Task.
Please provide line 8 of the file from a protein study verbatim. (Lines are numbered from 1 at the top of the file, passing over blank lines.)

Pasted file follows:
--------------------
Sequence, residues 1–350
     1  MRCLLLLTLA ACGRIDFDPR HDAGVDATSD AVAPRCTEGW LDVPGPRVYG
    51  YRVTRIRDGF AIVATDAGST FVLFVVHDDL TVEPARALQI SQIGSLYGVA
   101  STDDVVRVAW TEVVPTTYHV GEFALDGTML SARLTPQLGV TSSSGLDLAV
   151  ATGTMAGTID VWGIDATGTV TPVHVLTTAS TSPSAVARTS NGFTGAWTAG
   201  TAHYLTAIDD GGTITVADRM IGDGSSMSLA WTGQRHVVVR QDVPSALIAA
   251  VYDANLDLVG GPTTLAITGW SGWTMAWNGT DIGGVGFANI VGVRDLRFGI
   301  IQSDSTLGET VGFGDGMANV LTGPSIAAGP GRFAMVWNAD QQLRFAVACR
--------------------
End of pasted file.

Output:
   301  IQSDSTLGET VGFGDGMANV LTGPSIAAGP GRFAMVWNAD QQLRFAVACR